I’m sure most of us are familiar with this little essay. It appears in a number of different forms, but it always looks something like this one, from the EWTN website:
If you are a Lutheran, your religion was founded by Martin Luther, an ex- monk of the Catholic Church, in the year 1517.
If you belong to the Church of England, your religion was founded by King Henry VIII in the year 1534 because the Pope would not grant him a divorce with the right to remarry.
If you are a Presbyterian, your religion was founded by John Knox in Scotland in the year 1560.
If you are a Protestant Episcopalian, your religion was an offshoot of the Church of England founded by Samuel Seabury in the American colonies in the 17th century.
If you are a Congregationalist, your religion was originated by Robert Brown in Holland in 1582.
If you are a Methodist, your religion was launched by John and Charles Wesley in England in 1744.
If you are a Unitarian, Theophilus Lindley founded your church in London in 1774.
If you are a Mormon (Latter Day Saints), Joseph Smith started your religion in Palmyra, N.Y., in 1829.
If you are a Baptist, you owe the tenets of your religion to John Smyth, who launched it in Amsterdam in 1605.
If you are of the Dutch Reformed church, you recognize Michaelis Jones as founder, because he originated your religion in New York in 1628.
If you worship with the Salvation Army, your sect began with William Booth in London in 1865.
If you are a Christian Scientist, you look to 1879 as the year in which your religion was born and to Mrs. Mary Baker Eddy as its founder.
If you belong to one of the religious organizations known as 'Church of the Nazarene," “Pentecostal Gospel.” “Holiness Church,” “Pilgrim Holiness Church,” “Jehovah’s Witnesses,” your religion is one of the hundreds of new sects founded by men within the past century.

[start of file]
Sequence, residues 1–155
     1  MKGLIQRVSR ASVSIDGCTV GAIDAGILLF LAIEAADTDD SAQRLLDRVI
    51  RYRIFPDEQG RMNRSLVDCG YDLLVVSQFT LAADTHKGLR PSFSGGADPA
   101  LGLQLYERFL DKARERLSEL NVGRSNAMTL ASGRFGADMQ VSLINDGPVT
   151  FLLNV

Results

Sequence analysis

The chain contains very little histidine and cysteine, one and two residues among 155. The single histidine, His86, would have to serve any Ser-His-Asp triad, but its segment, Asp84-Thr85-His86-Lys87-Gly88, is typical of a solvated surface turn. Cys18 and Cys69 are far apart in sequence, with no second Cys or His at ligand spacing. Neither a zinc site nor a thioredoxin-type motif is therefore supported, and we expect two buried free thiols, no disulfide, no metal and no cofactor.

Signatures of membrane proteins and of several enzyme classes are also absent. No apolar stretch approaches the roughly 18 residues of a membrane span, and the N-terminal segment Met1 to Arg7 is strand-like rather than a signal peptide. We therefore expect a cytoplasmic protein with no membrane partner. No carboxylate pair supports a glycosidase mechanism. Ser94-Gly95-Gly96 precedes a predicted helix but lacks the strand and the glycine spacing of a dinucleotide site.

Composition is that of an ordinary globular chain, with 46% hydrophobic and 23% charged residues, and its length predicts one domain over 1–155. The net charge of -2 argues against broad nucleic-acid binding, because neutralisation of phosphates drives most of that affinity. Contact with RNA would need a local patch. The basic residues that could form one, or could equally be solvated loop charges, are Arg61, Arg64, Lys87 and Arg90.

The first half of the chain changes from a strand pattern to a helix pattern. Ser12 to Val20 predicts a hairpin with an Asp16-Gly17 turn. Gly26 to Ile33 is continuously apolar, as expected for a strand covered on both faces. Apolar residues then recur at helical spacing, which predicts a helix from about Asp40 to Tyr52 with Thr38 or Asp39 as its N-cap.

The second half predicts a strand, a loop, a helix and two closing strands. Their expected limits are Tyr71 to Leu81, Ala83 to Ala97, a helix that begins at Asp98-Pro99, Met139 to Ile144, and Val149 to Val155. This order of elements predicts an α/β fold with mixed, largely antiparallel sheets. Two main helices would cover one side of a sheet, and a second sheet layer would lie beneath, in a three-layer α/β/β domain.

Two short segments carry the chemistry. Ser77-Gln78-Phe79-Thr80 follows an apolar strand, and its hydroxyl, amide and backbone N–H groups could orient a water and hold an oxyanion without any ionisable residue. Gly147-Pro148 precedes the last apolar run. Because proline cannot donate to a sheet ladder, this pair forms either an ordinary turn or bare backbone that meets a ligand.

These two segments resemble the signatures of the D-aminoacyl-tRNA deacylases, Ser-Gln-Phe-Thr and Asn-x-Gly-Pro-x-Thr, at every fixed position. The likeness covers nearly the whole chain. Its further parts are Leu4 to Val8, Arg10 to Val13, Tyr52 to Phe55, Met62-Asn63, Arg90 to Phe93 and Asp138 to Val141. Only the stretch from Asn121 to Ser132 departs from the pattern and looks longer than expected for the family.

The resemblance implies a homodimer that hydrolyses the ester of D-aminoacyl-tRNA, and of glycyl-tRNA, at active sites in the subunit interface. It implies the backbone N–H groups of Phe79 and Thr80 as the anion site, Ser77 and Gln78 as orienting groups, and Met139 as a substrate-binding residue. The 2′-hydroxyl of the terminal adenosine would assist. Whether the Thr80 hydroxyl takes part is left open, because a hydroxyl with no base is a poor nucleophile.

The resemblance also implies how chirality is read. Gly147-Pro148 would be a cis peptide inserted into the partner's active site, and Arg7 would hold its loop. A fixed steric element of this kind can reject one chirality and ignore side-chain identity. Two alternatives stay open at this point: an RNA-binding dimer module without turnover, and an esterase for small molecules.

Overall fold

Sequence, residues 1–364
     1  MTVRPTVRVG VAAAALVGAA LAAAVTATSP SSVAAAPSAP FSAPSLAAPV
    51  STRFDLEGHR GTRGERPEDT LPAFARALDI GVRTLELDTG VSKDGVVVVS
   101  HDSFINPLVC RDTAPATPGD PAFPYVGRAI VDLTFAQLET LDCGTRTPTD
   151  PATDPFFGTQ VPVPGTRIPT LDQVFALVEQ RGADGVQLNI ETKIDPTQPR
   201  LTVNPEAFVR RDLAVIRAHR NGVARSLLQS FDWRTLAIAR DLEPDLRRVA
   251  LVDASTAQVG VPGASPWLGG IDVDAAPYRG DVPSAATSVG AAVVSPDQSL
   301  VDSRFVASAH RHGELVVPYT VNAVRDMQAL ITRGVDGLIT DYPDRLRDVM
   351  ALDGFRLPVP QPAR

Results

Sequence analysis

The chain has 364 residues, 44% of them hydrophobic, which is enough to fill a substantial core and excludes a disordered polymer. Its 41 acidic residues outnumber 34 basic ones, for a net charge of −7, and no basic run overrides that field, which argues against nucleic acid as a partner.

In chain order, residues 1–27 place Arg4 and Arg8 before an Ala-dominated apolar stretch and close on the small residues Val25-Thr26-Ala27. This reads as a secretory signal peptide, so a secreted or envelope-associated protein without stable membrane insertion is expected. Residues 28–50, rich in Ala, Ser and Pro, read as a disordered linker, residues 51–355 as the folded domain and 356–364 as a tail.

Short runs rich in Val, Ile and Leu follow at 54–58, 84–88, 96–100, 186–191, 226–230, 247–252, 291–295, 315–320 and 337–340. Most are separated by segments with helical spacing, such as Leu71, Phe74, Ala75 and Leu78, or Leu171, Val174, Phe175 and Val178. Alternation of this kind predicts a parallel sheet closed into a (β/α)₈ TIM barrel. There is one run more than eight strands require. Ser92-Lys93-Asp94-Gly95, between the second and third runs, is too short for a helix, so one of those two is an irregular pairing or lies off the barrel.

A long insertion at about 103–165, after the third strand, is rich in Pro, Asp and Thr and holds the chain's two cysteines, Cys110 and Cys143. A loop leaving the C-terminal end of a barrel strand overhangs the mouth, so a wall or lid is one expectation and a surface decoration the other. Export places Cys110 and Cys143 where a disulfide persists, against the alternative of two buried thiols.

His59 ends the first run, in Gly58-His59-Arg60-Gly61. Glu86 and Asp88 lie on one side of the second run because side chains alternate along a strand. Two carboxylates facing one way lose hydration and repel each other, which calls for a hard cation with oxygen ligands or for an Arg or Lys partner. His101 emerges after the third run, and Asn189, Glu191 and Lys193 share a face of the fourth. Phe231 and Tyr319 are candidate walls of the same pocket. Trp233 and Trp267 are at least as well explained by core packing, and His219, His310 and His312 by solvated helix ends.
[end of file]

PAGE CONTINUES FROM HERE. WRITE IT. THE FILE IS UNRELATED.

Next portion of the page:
If you are Catholic, you know that your religion was founded in the year 33 by Jesus Christ the Son of God, and it is still the same Church.
Now, Protestants like me tend to not be very fond of this essay, since we don’t consider our denominations to be our religions any more than Catholics consider their dioceses to be their religions. (And this particular one happens to contain a gross factual error, since Samuel Seabury wasn’t even alive in the 17th century.) But the other day I was reading through a book of old sermons and found a version of it that was quite interesting.
What a glorious thing it is to belong to a Church that has such a Faith,–so come down, so fought for, so victorious. Look at those who do not belong to the Church, and see where their faith comes from. There are the Wesleyans: their faith comes from John Wesley, about 100 years ago. There are the Quakers: their faith comes from one George Fox, and is about 200 years old. There are the Baptists: their faith is about 300 years old. But we Catholic Christians take our name from no man. We have no Master but JESUS CHRIST. Our Faith comes from Him, through His Apostles, through His Bishops, through His Martyrs.
And why, you may ask, was this one so interesting? Well, the “Catholic Christian” who wrote it was John Mason Neale, an Anglican priest.